The NFL was represented by commissioner Roger Goodell and executive vice president of football operations (and former Eagle) Troy Vincent, while the NFLPA was represented by executive director DeMaurice Smith, president Eric Winston and senior director of player affairs Don Davis. 

The NFL and NFLPA released the following joint statement: 

"Today owners and players had a productive meeting focused on how we can work together to promote positive social change and address inequality in our communities. NFL executives and owners joined NFLPA executives and player leaders to review and discuss plans to utilize our platform to promote equality and effectuate positive change. We agreed that these are common issues and pledged to meet again to continue this work together. 

"As we said last week, everyone who is part of our NFL community has a tremendous respect for our country, our flag, our anthem and our military. In the best American tradition, we are coming together to find common ground and commit to the hard work required for positive change."

While there didn't seem to be a message of finality about anthem protests in that statement, it appears both sides took a big step in the right direction as far as social justice issues go. Dolphins owner Stephen Ross said the NFL's policy on the national anthem "did not come up."  

"This was the first time we have gotten the chance to sit down in front of ownership," Jenkins said to ESPN. "We felt they were receptive. We felt there was a real dialogue. We felt it was positive."

This season, Jenkins has continued to raise his fist during the anthem and Long, his teammate, has put his arm around him as a showing of solidarity. Safety Rodney McLeod has also begun to raise his fist. 

But too much attention has now shifted to the protests during the anthem instead of the actual issues at hand. Jenkins, in particular, cares about social and racial injustice; the fist in the air was just a way to start a conversation about those issues. 

The demonstrations became even more widespread after President Donald Trump encouraged NFL owners to release players who protested during the anthem. A couple days after those comments, the Eagles linked arms during the anthem in a showing of solidarity. 

While Torrey Smith wasn't in attendance during Tuesday's meeting in New York, he's one of the more socially active Eagles. He said there have been a lot of phone calls and coordinating between players over the last few weeks about these issues and handling them with the league. 

"A win for me coming out of those meetings is that everyone's on the same page and trying to help the people in this country and use our game, which unites people from all different races, all different areas, all different levels of income, for one moment, for these games," Smith said. "And there's no better platform than for us to work together and try to benefit our country.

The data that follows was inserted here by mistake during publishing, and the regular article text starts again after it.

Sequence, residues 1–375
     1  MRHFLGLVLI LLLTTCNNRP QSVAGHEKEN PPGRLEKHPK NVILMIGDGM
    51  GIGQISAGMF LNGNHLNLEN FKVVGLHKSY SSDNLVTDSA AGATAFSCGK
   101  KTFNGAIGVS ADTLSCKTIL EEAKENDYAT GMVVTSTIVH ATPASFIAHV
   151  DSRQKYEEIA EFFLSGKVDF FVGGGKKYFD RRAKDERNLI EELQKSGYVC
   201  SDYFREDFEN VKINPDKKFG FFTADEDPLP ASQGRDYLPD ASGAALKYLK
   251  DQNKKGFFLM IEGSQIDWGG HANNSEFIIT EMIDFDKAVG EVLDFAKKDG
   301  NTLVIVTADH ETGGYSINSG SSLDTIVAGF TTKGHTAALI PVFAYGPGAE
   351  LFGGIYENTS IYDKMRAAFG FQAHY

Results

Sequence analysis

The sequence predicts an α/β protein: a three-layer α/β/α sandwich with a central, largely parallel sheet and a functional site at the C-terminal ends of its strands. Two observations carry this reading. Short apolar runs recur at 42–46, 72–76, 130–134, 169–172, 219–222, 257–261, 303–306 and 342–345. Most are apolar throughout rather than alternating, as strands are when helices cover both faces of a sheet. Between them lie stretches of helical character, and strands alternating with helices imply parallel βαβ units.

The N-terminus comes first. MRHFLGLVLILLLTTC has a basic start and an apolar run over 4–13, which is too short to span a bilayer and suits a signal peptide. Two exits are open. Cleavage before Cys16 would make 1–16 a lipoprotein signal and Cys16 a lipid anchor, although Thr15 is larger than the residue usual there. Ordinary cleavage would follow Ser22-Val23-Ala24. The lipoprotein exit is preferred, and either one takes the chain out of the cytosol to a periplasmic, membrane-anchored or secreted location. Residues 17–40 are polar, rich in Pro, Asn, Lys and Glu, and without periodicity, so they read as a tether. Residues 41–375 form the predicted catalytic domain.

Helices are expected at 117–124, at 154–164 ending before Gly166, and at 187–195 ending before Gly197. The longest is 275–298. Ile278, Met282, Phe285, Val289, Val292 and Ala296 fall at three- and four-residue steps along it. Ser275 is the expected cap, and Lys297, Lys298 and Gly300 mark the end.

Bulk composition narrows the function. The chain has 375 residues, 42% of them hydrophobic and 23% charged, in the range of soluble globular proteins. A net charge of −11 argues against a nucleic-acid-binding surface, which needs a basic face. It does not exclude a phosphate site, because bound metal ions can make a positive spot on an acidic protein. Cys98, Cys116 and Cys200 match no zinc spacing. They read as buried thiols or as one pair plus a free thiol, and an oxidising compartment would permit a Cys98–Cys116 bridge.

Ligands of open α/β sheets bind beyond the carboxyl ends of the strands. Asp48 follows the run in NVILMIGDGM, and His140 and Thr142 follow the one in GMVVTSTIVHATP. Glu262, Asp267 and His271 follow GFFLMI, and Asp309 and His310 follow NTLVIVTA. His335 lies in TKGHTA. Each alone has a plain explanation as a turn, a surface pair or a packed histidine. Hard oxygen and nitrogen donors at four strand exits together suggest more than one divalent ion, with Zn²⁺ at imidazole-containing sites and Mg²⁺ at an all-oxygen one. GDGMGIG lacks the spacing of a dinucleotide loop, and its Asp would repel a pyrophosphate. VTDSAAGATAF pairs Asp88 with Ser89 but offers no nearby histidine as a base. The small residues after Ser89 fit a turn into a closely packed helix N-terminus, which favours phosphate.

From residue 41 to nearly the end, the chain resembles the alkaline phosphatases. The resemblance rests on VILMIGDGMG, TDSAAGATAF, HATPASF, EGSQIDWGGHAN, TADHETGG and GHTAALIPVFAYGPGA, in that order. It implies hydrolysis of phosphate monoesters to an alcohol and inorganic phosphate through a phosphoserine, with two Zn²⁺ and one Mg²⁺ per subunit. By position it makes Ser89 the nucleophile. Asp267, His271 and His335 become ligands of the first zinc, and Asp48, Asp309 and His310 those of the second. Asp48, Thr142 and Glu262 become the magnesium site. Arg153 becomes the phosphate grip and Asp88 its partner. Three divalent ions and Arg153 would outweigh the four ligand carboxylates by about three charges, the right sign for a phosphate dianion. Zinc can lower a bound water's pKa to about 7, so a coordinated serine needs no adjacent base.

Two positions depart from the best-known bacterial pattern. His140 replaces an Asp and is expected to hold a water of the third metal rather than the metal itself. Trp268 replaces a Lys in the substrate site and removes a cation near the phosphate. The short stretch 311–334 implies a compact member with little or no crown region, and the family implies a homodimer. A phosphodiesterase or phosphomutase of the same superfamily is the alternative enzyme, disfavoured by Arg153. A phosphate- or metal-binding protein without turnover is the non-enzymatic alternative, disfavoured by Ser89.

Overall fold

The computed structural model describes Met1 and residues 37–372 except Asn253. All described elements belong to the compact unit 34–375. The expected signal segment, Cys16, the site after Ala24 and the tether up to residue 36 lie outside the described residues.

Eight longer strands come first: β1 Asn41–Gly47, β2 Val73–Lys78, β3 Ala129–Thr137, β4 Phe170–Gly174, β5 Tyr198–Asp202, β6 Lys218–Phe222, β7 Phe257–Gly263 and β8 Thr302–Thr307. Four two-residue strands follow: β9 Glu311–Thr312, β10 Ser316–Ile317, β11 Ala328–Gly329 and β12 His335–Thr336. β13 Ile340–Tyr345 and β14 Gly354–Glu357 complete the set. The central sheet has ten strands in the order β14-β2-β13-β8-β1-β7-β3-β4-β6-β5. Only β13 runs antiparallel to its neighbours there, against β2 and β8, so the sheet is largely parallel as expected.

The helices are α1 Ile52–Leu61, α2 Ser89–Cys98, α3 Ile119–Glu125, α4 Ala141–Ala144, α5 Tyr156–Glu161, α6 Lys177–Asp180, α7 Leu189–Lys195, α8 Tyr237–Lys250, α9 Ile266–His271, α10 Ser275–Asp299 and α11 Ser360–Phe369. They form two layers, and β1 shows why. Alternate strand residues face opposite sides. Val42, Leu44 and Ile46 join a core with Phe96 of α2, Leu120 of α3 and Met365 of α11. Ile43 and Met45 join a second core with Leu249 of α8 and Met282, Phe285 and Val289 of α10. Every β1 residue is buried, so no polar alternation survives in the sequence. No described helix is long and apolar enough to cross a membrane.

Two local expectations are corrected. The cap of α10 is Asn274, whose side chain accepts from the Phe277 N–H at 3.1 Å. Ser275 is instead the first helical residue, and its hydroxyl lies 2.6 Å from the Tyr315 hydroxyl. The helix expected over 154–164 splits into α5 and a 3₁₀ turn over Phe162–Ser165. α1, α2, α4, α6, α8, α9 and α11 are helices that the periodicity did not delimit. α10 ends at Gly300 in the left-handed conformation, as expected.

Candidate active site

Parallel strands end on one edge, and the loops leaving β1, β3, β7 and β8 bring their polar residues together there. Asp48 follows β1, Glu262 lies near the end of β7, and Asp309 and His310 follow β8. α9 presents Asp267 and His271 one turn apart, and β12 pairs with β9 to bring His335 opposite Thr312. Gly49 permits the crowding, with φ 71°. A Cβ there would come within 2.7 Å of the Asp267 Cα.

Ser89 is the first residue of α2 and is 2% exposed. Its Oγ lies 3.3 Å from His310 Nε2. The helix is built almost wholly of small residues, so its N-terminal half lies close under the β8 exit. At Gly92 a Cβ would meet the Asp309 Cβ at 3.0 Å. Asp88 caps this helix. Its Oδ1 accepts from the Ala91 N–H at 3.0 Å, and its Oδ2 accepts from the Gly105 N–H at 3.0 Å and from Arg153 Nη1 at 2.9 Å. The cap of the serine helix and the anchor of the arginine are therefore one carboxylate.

"Our owners have the power to impact a lot of lives in terms of whether it's financially or their guidance. I feel like it's our duty. Obviously, we're playing ball but the fans that are cheering us on, the fans that are working in these stadiums, the fans that are working in these neighborhoods are affected by some of the things that we're fighting for. If anyone thinks it's not an issue for us to be involved in as athletes or the owners of the NFL, then you're looking at it dead wrong."

After missing Tuesday's practice, neither Jenkins nor Long were available for comment in the Eagles' locker room. The Eagles will be back at practice Thursday as they prepare to host Washington on Monday night. 

Information from the Associated Press was used in this story. 

Eagles QB Carson Wentz favorite to win NFL MVP

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USA Today Images

Eagles QB Carson Wentz favorite to win NFL MVP

Carson Wentz is in his second NFL season, but he could already be on his way to his first MVP award. 

At least, he's now the favorite. 

The Eagles' starting quarterback is now the favorite to win this year's NFL MVP award, according to Bovada. Wentz is just ahead of Chiefs quarterback Alex Smith. 

Here's the top five: 

1. Carson Wentz: +175
2. Alex Smith: +200
3. Tom Brady: +400
4. DeShaun Watson: +1,000
5. Russell Wilson: +1,200

Basically, this means that a $100 futures bet would win $175. Since Wentz pays out the least, he's the favorite. 

It's no surprise Wentz and Smith are atop this list. They have both led their teams to 5-1 records (tops in the NFL) through six games. 

Wentz has completed 60.9 percent of his passes for 1,584 yards, 13 touchdowns, three interceptions and a passer rating of 99.6. He's well on his way to becoming the first Eagles quarterback to throw for 4,000 yards in a season. 

The last (and only) Eagles player to win an MVP came during the 1960 championship season, when quarterback Norm Van Brocklin took the award. 

The last player to win the MVP award in his second NFL season was Kurt Warner in 1999. But Warner had a long road to get to the NFL and was 28 years old in 1999. Wentz is just 24. 

Vegas isn't alone with the Wentz hype. According to Dick's Sporting Goods, the Eagles' quarterback has the best-selling jersey of all NFL players. In another few months, those people might have the jersey of an MVP winner.